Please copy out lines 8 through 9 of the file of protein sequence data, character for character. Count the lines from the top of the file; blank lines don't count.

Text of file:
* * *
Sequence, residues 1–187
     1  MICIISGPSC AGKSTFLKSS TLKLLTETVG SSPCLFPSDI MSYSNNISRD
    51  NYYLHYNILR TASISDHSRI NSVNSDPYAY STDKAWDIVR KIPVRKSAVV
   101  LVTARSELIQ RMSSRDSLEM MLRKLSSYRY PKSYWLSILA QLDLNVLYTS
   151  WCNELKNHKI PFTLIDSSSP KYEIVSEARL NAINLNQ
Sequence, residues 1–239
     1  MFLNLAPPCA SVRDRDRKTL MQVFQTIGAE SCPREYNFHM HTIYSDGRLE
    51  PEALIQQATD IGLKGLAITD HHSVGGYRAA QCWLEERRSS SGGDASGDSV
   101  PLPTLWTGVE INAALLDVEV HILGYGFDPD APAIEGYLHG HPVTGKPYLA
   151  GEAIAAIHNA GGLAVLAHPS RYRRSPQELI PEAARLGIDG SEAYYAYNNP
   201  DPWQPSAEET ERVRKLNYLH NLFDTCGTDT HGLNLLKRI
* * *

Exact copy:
    51  PEALIQQATD IGLKGLAITD HHSVGGYRAA QCWLEERRSS SGGDASGDSV
   101  PLPTLWTGVE INAALLDVEV HILGYGFDPD APAIEGYLHG HPVTGKPYLA